As they expected, participants primed with an independent self-concept solved significantly more RAT problems following rejection than those primed to think collectively. The results were conclusive: rejection breeds creativity, especially for those who consider themselves highly independent. In final a follow-up study, the researchers found the same trend using a different measurement of creativity.

Taken together, these experiments hold interesting implications for responding to rejection. While it is never a comfortable experience, the feelings of rejection can actually help us access our more creative selves. Free from the expectations of group norms, we can push the limits of novelty. Moreover, we can enhance that ability by changing the way we respond to rejection. Instead of dwelling too much on the pain of being turned down or turned aside, consider the freedom you now have to explore new possibilities and less mainstream options.

Feelings of rejection can actually help us access our more creative selves.

Being rejected is often a statement that you (or your ideas) are too far from the current mainstream to be considered safe or comfortable. This could actually be a good thing. You’re ahead of your time. While the group or client may not believe they need you right away, the world probably does. If you’re too far from the mainstream, you could be the one pushing progress forward.

Consider how Lady Gaga’s work was too unique for Def Jam, but was an international hit just two years later with Interscope. Decades before Gaga, George Bernard Shaw, the Nobel Prize winning writer, weighed in on the same phenomenon, saying “The reasonable man adapts himself to the conditions that surround him. The unreasonable man adapts surrounding conditions to himself. Therefore, all progress depends on the unreasonable man.”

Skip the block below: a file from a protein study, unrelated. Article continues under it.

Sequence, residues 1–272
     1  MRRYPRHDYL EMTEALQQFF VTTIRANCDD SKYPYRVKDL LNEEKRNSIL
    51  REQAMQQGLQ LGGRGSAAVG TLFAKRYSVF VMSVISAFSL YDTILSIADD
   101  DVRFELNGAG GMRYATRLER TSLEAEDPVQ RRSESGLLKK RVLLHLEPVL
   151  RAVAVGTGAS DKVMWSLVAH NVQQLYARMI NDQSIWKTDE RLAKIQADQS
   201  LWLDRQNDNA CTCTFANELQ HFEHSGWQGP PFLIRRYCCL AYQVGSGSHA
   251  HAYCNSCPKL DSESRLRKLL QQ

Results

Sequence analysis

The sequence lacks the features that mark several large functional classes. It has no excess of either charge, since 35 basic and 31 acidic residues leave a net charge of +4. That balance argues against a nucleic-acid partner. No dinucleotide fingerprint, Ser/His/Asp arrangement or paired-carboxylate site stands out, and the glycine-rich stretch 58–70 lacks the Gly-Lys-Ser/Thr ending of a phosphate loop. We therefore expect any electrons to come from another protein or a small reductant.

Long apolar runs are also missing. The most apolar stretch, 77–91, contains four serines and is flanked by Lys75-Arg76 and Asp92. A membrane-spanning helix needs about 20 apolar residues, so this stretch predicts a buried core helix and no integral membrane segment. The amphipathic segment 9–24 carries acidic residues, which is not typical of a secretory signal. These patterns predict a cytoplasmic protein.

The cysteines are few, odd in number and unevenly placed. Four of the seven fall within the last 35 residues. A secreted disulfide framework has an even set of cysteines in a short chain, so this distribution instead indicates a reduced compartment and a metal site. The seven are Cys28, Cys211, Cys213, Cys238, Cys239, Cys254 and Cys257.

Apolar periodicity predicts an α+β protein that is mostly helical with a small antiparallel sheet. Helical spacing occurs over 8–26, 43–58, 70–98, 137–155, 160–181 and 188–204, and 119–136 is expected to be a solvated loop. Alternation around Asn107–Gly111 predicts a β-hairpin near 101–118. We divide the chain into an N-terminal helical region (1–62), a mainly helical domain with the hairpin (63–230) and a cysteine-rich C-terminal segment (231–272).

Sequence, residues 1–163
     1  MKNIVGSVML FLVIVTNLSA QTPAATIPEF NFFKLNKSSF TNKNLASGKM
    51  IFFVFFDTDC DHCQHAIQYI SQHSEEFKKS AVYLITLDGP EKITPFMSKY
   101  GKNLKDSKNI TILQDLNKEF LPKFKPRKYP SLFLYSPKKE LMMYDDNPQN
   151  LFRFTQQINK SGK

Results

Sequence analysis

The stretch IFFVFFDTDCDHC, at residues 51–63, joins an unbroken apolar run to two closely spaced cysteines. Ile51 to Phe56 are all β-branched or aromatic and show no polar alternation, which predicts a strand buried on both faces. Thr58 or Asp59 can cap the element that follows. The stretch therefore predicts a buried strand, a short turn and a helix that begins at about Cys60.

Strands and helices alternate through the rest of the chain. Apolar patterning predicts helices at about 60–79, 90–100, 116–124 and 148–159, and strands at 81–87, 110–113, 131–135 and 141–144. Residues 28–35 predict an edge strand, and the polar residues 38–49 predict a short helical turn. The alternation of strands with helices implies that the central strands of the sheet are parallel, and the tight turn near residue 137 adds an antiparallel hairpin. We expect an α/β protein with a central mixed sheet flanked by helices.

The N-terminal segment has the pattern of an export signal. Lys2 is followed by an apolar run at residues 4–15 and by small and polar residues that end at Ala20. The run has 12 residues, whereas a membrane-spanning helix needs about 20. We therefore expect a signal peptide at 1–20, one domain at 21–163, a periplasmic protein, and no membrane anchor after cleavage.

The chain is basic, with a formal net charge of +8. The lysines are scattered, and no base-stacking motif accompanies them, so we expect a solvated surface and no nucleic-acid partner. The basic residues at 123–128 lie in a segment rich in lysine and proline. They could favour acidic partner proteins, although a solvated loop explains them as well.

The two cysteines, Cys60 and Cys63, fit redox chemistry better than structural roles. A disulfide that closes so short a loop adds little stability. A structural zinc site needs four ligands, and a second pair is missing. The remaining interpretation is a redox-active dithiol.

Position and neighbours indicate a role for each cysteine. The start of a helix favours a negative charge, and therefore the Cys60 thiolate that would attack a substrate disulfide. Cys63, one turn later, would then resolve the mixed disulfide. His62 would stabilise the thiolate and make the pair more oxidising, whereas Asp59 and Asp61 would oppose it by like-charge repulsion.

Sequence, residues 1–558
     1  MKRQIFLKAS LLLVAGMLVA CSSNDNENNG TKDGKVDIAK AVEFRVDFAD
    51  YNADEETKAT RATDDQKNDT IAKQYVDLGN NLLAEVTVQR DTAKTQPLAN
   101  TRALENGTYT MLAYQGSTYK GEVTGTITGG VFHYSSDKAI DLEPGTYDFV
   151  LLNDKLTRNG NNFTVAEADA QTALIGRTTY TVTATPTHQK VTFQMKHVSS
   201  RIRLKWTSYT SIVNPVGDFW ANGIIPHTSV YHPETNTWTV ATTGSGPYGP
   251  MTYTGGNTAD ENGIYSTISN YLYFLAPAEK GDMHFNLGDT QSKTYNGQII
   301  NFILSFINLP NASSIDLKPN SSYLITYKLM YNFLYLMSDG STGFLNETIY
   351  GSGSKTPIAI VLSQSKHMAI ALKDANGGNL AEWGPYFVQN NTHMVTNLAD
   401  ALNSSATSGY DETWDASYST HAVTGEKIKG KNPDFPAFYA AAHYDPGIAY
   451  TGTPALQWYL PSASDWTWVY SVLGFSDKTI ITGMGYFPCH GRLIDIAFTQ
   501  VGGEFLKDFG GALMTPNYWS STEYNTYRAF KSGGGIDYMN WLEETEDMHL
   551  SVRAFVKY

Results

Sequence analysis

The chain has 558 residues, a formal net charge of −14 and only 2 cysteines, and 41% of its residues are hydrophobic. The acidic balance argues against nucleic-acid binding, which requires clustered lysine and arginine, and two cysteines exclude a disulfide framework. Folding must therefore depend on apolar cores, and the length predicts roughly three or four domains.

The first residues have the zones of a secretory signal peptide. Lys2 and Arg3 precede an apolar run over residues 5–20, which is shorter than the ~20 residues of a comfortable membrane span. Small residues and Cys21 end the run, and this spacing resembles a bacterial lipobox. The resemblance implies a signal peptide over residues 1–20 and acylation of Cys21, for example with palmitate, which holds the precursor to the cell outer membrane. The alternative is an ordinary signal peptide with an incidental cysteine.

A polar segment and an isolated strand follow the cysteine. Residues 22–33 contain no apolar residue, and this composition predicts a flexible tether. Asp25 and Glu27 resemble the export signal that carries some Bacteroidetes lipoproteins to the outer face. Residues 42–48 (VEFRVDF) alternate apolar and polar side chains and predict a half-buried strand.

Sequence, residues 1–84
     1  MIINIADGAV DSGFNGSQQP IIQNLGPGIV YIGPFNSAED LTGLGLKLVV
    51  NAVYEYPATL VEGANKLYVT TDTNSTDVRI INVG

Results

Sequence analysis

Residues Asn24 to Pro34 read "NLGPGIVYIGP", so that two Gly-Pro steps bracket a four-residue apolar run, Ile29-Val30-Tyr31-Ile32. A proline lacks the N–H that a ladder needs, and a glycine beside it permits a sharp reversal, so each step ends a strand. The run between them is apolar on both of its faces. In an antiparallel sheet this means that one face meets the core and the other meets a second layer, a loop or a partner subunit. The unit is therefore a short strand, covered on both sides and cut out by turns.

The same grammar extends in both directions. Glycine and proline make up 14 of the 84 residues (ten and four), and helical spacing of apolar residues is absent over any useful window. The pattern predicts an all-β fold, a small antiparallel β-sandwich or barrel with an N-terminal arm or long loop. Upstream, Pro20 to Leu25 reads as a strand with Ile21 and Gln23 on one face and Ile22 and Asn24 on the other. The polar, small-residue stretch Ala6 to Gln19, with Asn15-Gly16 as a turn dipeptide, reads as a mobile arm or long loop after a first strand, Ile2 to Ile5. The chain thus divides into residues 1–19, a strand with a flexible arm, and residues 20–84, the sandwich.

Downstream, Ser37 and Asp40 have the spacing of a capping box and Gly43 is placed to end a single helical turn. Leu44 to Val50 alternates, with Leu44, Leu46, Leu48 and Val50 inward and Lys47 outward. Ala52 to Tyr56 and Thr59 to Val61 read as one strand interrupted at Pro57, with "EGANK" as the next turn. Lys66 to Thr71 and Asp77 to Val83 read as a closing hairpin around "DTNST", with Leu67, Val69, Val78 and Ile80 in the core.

What’s Your Experience?

How do you respond to being rejected?

Comments (168)
  • Barbara Mckinney

    Hey David! You are indeed right, rejection breeds creativity. Yes, rejection is a negative thing but don’t let it overpower you. Hence, make it as a fuel, motivating factor towards reaching your dreams in life. There are so many successful people who suffered from so many rejections, but they don’t conform to it.

  • davidburkus

    Barbara, I like your use of the word fuel. I might have to steal that. Thanks!

  • davidburkus

    Thanks for the awesome example!

  • CamilleJB

    Great article its one of those things that you kind of already knew to be true just from a gut instinct but never had the facts to back it up. I know that I personally have a discussion along these lines on a regular basis and seem to be clutching at various vaguely connected studies to make my point. Now I will go directly to yours! So for that I thank you. Another thing that I would like to add is do you think that anger is quite possibly one of the catalysts involved in the high performance category? I wonder if you could measure how quick the temper of the participants was as a deciding factor because as an ex athlete myself I know that I generally had the best performances when I was ticked off about something. That may well be just because it is sports and adrenaline and anger are connected but I am tempted to believe that it could be transferable into other areas. I think you have just given me inspiration for my next blog post http://camillejbdesign.blogspo

  • lily

    You are indeed right

  • davidburkus

    Thanks Lily!

  • davidburkus

    I think anger probably functions similar to excitement in relation to performance. Meaning there’s likely a bell curve at which a certain amount might be able to be channeled toward improving performance, but too much can detract focus from the real goal. Thanks Camille!

  • Kennett Kwok

    I enjoyed reading the article. Thank you David.

  • Mr. Ketter